Rahim Nazarali

2 participants partaking in a judo match

Name: Rahim Nazarali

County: Dublin

Sport: Judo

Athlete Story: Speaking with Vision Sports, Rahim shared his story.

“I was first introduced to sport at St. Joseph’s School In Drumcondra which is now known as Child Vision. I went there from the age of 7. As children we were encouraged to participate in many sports such as Football Leagues, running, swimming and general sports days. I remember when I played football I could not really see the ball so I was put in goal. Every Thursday we went to Malahide to go horse riding, I loved the independence of controlling the horse, the speed and the high jumps.

When I was 11 I was introduced to judo. I loved Judo from the outset. It is a sport suitable for people with a vision impairment as all judo players must take a grip of their fellow player before beginning a judo practice  or competition. My brothers went to Karate and Taekwondo classes and martial art films were a big thing in my house. It was great to be part of the action and feel included in the banter at  home. I loved taking part in a sport where I could compete against opponents with and without vision impairments.


Photo of a male participant learning how to drive at Zero Limits

I love the feel-good factor of physical sports and taking part in an activity. When representing my club and Ireland in national and international competitions I enjoyed being part of a team and the camaraderie.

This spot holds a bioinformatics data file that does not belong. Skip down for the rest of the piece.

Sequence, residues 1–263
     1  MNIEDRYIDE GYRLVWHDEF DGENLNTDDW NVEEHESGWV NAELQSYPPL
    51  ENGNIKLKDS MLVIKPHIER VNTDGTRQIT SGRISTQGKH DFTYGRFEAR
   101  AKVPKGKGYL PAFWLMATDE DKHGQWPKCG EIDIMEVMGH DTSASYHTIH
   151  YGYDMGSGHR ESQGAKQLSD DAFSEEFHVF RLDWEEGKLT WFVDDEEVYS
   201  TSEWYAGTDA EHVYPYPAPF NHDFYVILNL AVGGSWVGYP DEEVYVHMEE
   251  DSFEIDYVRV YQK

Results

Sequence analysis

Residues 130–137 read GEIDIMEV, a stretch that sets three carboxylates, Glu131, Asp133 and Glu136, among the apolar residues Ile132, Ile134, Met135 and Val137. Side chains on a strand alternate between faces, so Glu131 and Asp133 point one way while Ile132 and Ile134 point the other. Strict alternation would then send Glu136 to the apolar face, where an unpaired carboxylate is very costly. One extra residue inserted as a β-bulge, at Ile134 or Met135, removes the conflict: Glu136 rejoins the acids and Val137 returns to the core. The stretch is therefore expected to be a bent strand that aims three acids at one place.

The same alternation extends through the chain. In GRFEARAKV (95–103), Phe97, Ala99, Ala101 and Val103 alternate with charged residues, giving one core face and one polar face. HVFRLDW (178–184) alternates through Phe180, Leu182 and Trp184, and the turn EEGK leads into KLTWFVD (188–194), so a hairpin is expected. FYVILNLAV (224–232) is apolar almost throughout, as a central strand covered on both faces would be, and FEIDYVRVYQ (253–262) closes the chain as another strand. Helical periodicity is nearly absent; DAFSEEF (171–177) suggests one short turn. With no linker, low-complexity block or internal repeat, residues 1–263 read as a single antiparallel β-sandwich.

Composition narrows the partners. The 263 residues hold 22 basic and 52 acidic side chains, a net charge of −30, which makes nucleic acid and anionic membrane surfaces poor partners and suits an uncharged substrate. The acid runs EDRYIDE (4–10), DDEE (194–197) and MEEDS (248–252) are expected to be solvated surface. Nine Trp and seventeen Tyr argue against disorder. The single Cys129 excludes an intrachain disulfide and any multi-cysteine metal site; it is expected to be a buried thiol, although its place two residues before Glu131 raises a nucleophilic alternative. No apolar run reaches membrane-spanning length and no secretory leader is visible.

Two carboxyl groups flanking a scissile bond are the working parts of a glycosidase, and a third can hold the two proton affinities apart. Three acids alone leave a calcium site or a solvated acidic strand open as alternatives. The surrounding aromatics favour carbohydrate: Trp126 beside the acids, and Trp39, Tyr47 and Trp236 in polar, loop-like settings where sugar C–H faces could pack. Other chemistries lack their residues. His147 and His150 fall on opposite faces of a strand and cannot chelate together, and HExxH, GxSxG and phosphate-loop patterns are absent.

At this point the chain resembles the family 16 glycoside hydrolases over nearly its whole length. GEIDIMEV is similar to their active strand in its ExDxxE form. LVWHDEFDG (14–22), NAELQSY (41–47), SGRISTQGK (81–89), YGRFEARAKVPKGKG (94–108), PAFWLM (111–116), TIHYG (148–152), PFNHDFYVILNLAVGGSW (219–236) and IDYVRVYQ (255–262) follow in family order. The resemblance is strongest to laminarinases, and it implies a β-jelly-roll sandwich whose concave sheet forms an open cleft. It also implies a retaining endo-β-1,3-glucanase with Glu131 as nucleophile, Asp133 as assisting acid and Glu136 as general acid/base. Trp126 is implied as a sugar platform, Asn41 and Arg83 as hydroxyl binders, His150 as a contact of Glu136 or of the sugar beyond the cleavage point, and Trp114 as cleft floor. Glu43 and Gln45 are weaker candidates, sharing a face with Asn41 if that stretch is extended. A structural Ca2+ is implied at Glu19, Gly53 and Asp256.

It is still important to me to keep fit and exercise through cardio and strength training in the gym and currently at home. Before COVID19 I was a regular gym goer as well as taking part in swimming classes. I also participated in watersports, especially water skiing and I progressed to wakeboarding. I have also taken on some other challenges such as walking the full length of the Royal and Grand canal and a few Tandem cycles around the country. During COVID times I had to adapt my exercise routine. I now exercise at home using Blind Alive Eyes Free Fitness recordings and videos from a gym I used to go to. I designed my own kettle bell weight training and go for walks with my guide dog Paris most days.

Achievements: My biggest sporting achievement to date is representing Ireland as a judo player  at the 1996 Paralympics in Atlanta.

Hero: I was a big fan of Bruce Lee. Not only was he a great Martial Artist, but he also survived a major back injury which could have ended his career. He recovered through many methods of self improvement  and  his mantra was to always find the positive in everything he did to better himself.

Advice: I think trying out many different sports will give you the opportunity to  find out what you are good at and what sports suits you as an individual. With every sport and activity you can have a bad experience due to people’s lack of awareness or interest in inclusion, however  overall  I  have been welcomed at most clubs and gyms. My approach is to be honest from the start about what I require and if I feel my needs are not being met, I will negotiate to find a solution. Talking to other people with a vision impairment, who take part in  sports or fitness can also help you to get useful tips.

My biggest challenge in taking part in sports was not lack of inclusion or resources, but transport. For example, getting to unfamiliar or difficult to reach venues for training sessions or competitions and competitions starting early on a Sunday before public transport is running.

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